Like this (makes 2):


  • about 2 to three inches of daikon root, grated into a paste
  • 1 scoop (as provided in the bags) of Huel
  • A splash of soy sauce
  • Spices/salt/pepper to taste
  • Some cooking spray or oil.


  • non-stick frying pan
  • spatula
  • mixing bowl
  • thing for making your pan hot (like, a hob, or a hot plate, or a primus stove, I am not the boss of you, if you have a tame dragon that is also fine).


Mix your Huel slowly into your daikon until it is a thick paste, and add the soy and spices etc at some point. It should look like this:


Oil/spray your pan and make the pan hot.

Then spread out your paste on the hot oil with the spatula, and fry it on both sides, until it looks like this:


Congratulations, you have fritters.

Sci Fi Nutriglop BakeFuture: Huel Experiments.

Before I begin explaining what the hell I’m talking about I just want to say that if anyone from Huel.com is reading this (give me free stuff), phrases like “orthorexic health filth”, “scific nutriglop”, etc, are just me making fun of my own preoccupations. As you’re about to find out, I’m very excited by this thing and the possibilities inherent in it, and so are a surprising number of my friends.

Health Filth

The deal with Huel appeals to be that it’s a powder that contains your entire nutritional needs which you mix up into shakes and then you don’t have to turn into a ball of neurosis about whether not eating fish for two days mean your eyes are going to implode or, if you’re me and work on night shift, if failing to eat eighty pieces of fruit and a thousand yogurts means you’re going to crumble into a scurvy-ridden bowl of osteoporophic dust.

The Story

A friend who engages in pastimes such as punching bears and running up hills recently alerted everyone in her internet vicinity to the existence of a miraculous substance. Quoth she: “The science fiction trope of a nutrient gruel so ubiquitous that it has its own TV Tropes page is now a reality”; and I, obsessive maker of increasingly tiny food and hopeless slave to new gadgetry, proceeded to shriek “I WANT THIS AND I’M EMBARRASSED” on every social media platform upon which I routinely reside.

To my surprise, instead of calling me a weenie and pointing out that just because something uses Helvetica does not make it true, several of my friends responded:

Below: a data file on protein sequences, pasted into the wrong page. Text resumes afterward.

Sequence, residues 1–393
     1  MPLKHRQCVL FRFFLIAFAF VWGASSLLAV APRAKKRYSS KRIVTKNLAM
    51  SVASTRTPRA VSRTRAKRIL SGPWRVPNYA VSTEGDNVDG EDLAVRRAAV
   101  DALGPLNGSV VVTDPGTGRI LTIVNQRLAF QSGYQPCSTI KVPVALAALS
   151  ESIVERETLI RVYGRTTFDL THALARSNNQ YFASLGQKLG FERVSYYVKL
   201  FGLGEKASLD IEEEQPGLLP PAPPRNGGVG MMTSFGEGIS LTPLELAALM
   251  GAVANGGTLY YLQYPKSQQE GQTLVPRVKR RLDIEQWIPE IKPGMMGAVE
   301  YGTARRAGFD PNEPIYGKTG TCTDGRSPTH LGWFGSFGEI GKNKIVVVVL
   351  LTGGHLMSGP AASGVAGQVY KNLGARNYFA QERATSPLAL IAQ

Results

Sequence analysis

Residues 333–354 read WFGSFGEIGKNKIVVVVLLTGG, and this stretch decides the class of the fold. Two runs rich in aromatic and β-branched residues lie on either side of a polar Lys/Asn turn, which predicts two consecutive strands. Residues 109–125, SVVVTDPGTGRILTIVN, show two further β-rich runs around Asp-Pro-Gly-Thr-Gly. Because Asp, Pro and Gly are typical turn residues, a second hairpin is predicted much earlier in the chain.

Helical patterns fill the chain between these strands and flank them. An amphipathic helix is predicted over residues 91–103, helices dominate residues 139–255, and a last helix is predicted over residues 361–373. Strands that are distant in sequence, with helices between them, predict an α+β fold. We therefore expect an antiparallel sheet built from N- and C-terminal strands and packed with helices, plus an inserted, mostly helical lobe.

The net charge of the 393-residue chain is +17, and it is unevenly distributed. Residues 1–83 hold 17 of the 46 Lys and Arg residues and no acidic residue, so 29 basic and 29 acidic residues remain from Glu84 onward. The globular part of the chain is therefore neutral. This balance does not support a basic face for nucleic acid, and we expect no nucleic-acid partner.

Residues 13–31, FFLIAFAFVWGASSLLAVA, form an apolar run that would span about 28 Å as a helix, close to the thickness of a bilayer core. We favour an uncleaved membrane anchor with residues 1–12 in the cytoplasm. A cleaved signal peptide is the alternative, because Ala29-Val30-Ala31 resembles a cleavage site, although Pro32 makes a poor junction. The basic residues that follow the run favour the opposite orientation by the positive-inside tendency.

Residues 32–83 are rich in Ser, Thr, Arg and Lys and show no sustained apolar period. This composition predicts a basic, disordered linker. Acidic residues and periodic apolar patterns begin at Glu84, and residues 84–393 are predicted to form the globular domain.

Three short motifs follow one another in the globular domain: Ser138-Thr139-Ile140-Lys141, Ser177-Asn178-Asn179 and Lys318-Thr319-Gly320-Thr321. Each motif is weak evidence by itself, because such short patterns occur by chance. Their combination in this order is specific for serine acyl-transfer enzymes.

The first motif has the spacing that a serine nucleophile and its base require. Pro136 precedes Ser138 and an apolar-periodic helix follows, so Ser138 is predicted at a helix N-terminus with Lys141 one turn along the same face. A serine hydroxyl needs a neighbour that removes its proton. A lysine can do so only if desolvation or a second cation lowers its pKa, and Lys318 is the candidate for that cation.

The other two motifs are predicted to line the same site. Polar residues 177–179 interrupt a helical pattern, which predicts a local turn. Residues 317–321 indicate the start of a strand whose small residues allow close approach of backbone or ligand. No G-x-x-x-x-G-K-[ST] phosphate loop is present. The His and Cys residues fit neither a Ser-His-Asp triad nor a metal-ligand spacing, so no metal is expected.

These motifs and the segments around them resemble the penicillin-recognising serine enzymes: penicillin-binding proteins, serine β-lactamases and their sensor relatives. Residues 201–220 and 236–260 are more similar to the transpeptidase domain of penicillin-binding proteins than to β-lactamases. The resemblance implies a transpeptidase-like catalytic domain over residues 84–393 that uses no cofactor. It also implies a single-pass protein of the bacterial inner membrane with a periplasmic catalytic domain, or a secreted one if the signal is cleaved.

• Oh yes I’ve got some of that it’s good for days when I can’t decide what I want to eat.
  • I’ve been meaning to buy this, I think it will help when I’m too exhausted from [list of horrifying chronic health conditions, full-time work, and child-rearing duties in various combinations] and don’t want to resort to eating crap.
  • Got some for when I have surgery to recover from and won’t be able to eat properly.
  • Would you like to go halves on some? My lunch breaks are too short for me to actually get to the shops and I think this might help me to actually eat lunch.

I dithered a bit. My house is already a museum to weird food fads, not least the unceasing tide of Paketsu, whatever delights TokyoTreat have sent me that I haven’t managed to actually eat yet, and currently about ten types of no-calorie energy drink, not to mention the array of bizarre flours, powders, and stock cubes I insist on collecting (look, it’s not hoarding if it’s not perishable).

“It’s sort of like liquid porridge,” quoth friend, “and you get a free t-shirt.”

Well, I thought, I really do not need any more t-shirts.

But I like porridge, and after a concerted reading session of the website when I probably should have been engaged in, say, work, or sleeping, or looking where the hell I was going while walking somewhere, I found that someone had already considered the possibility of baking with it.

The Games Begin

The fun starts with the drop. As in, I had to take two buses into deepest, darkest Tower Hamlets to get to the friend I’d gone halves with, and an exchange of a SACK of nutritionally complete dubious powder took place on a windswept, rainy corner in an inconspicuous carrier bag.

Then I brought home a Very Nicely Designed Sack with a scoop and a zip seal that hasn’t had as thorough engineering as the logo (I have resorted to rolling and pegging to keep it closed) and began the important work of finding out what I can do with this weird shit.

Doing It Properly

There are two types of people in this world when faced with a new concept they have to interact with/learn to use in some way. Those who decide they are going to follow the instructions and get it exactly right, thus achieving the peak of the on-label use of an item, and the people who see something and go “I wonder what entirely unrecommended use I can put this to, I must experiment with every single one of them immediately and never actually bother learning how to use it for the intended thing”.

I am the latter, which is why I made a cake in my rice-cooker the first time I used it.

However, occasionally this approach has led to, well, things going “bang” or catching fire (often those things are me)… sometimes one likes a guinea pig.

Fortunately someone among my friends had already guinea-pigged it just before I got my hands on the stuff.

“It’s watery,” he said, referring to the recommended 5:1 ratio of water to Huel, “and it doesn’t taste very nice.”

Shortly after this my purchasing co-conspirator noted that hers had been made “claggy” by the addition of peanut butter. Forewarned, forearmed, and adequately fireproofed, I fetched down my safety goggles, and went to work.

doing it properly 2